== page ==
Places Discussed

(Critical Guide to Settings and Places in Literature)

*Mississippi Delta

*Mississippi Delta. Fertile farming region of the western part of the state of Mississippi that is bordered by the Mississippi River. Brick and Maggie’s plantation is located in this region, which is dominated by large cotton plantations and strong family traditions. One of these traditions is to pass family plantations from fathers to eldest sons, but only to sons who have children to continue the tradition. In Tennessee Williams’s play, Brick’s father, Big Daddy Pollitt, is dying. He wishes to leave the plantation to Brick but hesitates because Brick has become a drunkard, and his wife, Maggie, has yet to produce the necessary grandson to carry on the Delta tradition.

Plantation house

Plantation house. Home of Brick and Maggie, whose large and beautiful bedroom opens on a veranda that encircles the second floor of the house. The room is clearly fit for important people to occupy and hold court; by the end of the play, the entire seventeen member cast has been received there. Also the place in which marriages are celebrated, the room is ironically a soft and beautiful prison in which Maggie’s desire for Brick goes unrequited. No matter how she appeals to Brick to make love, he rejects her, thereby turning their bedroom into a place where Maggie feels tormented, trapped like a cat on a hot tin roof.

Historical Context

(Drama for Students)

Domestic Life in the 1950s
The year of Cat on a Hot Tin Roof's debut, 1955, was an interesting time for male...

(The entire section is 590 words.)

Literary Style

(Drama for Students)

1958 Film Adaptation Published by Gale Cengage

Symbolism is the use of objects to evoke concepts or ideas. Williams has often been accused of excessive...

(The entire section is 805 words.)

Compare and Contrast

(Drama for Students)

1955: In the United States, only 34% of women between the ages of 20 and 54 work outside of the home. Most married women are...

(The entire section is 215 words.)

Topics for Further Study

(Drama for Students)

Why does Maggie's announcement that she is pregnant seem like a viable solution to her? Will it solve her and Brick's problems?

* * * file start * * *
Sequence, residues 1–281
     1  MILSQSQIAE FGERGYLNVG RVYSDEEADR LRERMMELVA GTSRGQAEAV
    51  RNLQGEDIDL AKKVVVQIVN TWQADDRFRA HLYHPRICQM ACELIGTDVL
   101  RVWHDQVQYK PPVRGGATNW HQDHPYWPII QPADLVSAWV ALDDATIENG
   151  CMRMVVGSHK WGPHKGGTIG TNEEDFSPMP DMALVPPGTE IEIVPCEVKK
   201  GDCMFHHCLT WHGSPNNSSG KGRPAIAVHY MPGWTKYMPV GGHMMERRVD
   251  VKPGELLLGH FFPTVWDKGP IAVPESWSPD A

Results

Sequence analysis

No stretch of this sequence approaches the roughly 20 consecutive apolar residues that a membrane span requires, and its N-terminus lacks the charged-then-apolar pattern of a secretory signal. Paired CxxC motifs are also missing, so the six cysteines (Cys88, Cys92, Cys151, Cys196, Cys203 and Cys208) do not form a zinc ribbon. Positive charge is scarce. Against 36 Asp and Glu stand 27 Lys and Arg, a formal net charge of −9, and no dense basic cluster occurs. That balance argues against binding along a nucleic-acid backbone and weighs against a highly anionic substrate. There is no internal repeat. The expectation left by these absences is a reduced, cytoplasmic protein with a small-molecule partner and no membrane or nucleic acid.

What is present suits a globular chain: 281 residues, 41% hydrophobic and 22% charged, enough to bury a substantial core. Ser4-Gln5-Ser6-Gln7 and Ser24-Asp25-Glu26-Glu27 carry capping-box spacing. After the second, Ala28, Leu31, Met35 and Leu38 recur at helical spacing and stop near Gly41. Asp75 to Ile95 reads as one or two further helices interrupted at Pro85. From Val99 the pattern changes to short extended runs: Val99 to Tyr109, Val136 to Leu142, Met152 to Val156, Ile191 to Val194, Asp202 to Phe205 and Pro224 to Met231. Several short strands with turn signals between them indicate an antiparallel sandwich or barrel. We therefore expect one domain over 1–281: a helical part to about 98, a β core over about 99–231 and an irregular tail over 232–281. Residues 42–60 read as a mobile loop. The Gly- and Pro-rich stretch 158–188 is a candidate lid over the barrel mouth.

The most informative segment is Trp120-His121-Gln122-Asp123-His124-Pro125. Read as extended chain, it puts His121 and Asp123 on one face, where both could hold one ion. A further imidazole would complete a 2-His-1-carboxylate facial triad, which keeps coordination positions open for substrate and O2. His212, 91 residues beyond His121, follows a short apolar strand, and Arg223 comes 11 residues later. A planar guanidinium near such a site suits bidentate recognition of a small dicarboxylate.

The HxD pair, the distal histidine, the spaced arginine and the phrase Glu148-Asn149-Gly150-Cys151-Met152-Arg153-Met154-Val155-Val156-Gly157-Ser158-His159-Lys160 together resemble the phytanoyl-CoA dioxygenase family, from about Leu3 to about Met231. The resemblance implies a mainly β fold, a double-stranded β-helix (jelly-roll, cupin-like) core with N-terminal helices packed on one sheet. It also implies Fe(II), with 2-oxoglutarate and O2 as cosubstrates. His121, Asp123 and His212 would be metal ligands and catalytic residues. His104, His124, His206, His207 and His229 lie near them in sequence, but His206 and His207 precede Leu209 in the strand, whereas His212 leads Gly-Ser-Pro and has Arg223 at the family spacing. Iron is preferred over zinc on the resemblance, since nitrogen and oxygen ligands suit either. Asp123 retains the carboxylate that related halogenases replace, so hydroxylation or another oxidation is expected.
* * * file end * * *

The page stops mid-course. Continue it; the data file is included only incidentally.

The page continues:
(The entire section is 98 words.)

Media Adaptations

(Drama for Students)

Cat on a Hot Tin Roof was adapted for film in 1958 by Metro-Goldwyn-Mayer (MGM). It was written (with Jame Poe) and directed...

(The entire section is 154 words.)

What Do I Read Next?

(Drama for Students)

King Lear, William Shakespeare's tragedy about a king who disperses his kingdom to his daughters only to find...

(The entire section is 176 words.)

Bibliography and Further Reading

(Drama for Students)

Ashton, Roger. "Correspondence Back on a Hot Tin Roof" in the New Republic, April 25, 1955, p. 23....

(The entire section is 319 words.)


(Masterpieces of American Literature)

Bloom, Harold, ed. Tennessee Williams. New York: Chelsea House, 1987. A collection of critical essays that includes thorough discussions of Cat on a Hot Tin Roof by Ruby Cohn, who examines themes and characters; Robert Heilman, who explores different “levels” of the play; and Esther Jackson, who focuses on the play’s symbolism.

Falk, Signi Lenea. Tennessee Williams. 2d ed. Boston: Twayne, 1978. A useful introduction to Williams and his works. Summarizes critical assessments of Cat on a Hot Tin Roof.

Hirsch, Foster. A Portrait of the Artist: The Plays of Tennessee Williams. Port Washington, N.Y.: Kennikat Press, 1979. An overview of Williams’ work and career. Concludes that Cat on a Hot Tin Roof is “dishonest” but well crafted.

Spoto, Donald. The Kindness of Strangers: The Life of Tennessee Williams. Boston: Little, Brown, 1985. A thorough biography that includes critical commentary. Argues that Cat on a Hot Tin Roof is a deliberately ambiguous yet “compassionate” play.

Williams, Tennessee. Cat on a Hot Tin Roof. New York: New Directions, 1955. A useful edition that contains both versions of Act III and commentary by Williams in which he explains why he wrote the second ending.